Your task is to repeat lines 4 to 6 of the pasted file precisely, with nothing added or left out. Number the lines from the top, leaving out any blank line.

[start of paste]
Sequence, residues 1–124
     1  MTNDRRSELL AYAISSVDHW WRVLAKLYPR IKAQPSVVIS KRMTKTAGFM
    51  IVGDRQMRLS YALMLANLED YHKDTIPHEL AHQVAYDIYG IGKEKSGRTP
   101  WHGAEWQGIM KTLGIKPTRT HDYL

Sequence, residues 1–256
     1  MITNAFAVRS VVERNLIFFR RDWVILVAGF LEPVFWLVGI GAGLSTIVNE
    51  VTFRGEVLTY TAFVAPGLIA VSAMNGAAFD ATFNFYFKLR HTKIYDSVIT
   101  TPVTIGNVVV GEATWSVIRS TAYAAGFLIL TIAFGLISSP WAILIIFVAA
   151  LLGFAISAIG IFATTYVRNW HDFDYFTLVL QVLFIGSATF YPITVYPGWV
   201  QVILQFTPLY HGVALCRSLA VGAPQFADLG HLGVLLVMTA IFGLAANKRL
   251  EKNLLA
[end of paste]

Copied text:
   101  WHGAEWQGIM KTLGIKPTRT HDYL

Sequence, residues 1–256
     1  MITNAFAVRS VVERNLIFFR RDWVILVAGF LEPVFWLVGI GAGLSTIVNE